Swallows are one of the most common motifs seen in traditional tattoos today (you’ve probably caught sight of one perched on some hipster’s hand or behind their ear), but that doesn’t mean that they aren’t rich with symbolism. These birds may be tiny, but, historically speaking, they are representative of a great deal.
It used to be customary for sailors who had completed long journeys to get tattoos of swallows as a way to commemorate their voyages. Surviving a lengthy stint at sea was no small feat. In fact, for seamen, such travel was likely the most formative experience in their lives. Though most people who sport swallows on their skin today probably haven’t ever set foot on anything more than a paddleboat, much less sailed around the world, these scissor-tailed icons retain their connotation as markers of incredible accomplishments.
Though it is difficult to ascertain how swallows ultimately became emblematic of the seafaring lifestyle, it probably stems from the fact that they never fly too far out to sea. Because of this, they were one of the first signs that land wasn’t far off, so they became associated with the idea of homecoming. Imagine what a sore sight a familiar shore would be after going from never seeing the ocean to not seeing home for months if not years on end. For this reason, tattoos of them became evocative of long voyages, acting as stamps of completion.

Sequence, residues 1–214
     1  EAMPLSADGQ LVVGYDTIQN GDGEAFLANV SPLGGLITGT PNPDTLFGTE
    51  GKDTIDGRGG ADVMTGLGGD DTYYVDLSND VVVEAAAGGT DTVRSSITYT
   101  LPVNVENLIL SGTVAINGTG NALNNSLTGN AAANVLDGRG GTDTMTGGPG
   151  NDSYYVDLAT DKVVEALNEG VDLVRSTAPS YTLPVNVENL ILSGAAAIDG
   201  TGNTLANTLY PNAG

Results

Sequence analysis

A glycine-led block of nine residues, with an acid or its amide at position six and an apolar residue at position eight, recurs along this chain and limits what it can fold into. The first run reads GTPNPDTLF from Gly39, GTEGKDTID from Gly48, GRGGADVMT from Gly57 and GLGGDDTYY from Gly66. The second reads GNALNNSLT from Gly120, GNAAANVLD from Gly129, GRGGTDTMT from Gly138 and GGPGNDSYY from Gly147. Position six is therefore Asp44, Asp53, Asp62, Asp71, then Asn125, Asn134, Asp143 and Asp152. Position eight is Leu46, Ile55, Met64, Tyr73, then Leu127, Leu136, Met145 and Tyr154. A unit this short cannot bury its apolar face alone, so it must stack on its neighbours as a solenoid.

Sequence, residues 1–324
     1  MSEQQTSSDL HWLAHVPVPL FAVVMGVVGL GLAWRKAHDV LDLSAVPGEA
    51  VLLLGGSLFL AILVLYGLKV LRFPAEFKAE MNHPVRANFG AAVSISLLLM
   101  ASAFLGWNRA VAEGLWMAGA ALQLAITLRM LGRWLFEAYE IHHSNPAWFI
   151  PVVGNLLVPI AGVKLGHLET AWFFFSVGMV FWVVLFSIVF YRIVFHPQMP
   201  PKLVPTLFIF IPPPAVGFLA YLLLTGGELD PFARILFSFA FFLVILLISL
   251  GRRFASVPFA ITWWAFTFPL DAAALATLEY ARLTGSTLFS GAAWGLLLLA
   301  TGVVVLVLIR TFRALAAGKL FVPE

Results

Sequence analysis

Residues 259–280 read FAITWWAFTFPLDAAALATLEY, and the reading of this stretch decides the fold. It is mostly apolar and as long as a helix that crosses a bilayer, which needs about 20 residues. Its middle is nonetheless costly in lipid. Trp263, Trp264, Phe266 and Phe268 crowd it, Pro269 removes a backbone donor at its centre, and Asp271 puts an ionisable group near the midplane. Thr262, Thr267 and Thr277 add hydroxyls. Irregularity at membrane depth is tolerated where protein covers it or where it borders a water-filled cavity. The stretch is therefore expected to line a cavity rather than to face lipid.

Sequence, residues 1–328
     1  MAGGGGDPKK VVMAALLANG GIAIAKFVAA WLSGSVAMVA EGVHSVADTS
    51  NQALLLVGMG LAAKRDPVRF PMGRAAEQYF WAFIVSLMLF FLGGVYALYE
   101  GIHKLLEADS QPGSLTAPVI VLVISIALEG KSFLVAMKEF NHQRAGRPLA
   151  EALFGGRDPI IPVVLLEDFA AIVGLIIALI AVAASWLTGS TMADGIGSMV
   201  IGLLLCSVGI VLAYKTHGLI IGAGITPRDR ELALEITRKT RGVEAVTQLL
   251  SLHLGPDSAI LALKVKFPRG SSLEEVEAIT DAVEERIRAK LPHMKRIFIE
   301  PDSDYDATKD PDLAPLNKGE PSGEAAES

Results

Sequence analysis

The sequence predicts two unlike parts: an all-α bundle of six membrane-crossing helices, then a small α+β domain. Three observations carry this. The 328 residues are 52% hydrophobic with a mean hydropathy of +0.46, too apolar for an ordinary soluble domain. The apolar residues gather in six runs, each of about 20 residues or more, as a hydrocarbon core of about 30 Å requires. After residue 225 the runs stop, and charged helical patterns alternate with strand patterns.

Others speculate that they accrued this metaphorical stature due to the fact that barn swallows migrate long distances every year, traveling from England to South Africa, through western France, down eastern coast of Spain, and across the Sahara. Their natural instinct to journey so far parallels the life of a sailor perfectly, so it only makes sense that they would take on such a connotation.
Since swallows fly for such long distances in real life, they’ve became veritable mile-markers in the realm of body art. According to most accounts, if a seaman had one swallow tattooed on his chest, it signified that he had sailed 5,000 nautical miles, while if he had two it meant he’d gone 10,000 nautical miles. Images of these birds were not only odometers, though. They also carried spiritual connotations along with them. Because of myths from various cultures, swallows were believed to usher souls of drowned sailors to heaven, so sailors also got tattoos of them as a sort of spiritual insurance in hopes of faring better in the afterlife.
In the contemporary tattoo landscape, swallows are no longer associated as immediately with life on the high seas, but they haven’t waned in popularity at all. Some tattooists, like Ashley Love, Bert Krak, and Ruslan Tsvetnov, keep their swallows as close to the traditional nest as possible. Johann Ingemar’s piece is even based directly on a design by Christian Warlich, an early pioneer in the style. Others — Beau Brady, Hugh Sheldon, and Samuele Briganti — take liberties with their designs of the birds, adding their touch to the timeless motif. But to make a long story short, swallows are still the perfect tattoo for commemorating any achievement in a person’s life, even if it’s not traveling around the world and back.
To see more traditional tattoos, make sure to follow all of these artists on Instagram. If you’d like to commemorate one of your achievements, be it a long journey or some other personal tour de force, have one of them design a swallow tattoo for you.
You just set sail with Bold that Holds, our series where we explore the meaning behind classic motifs in the world of traditional tattoos. We hope you enjoyed learning about the symbolism of swallows. If you want to find out more about the history behind the style, check out these other installments about anchors, reapers, pigs and roosters, phonographs, the Sacred Heart, lighthouses, and the Rock of Ages design.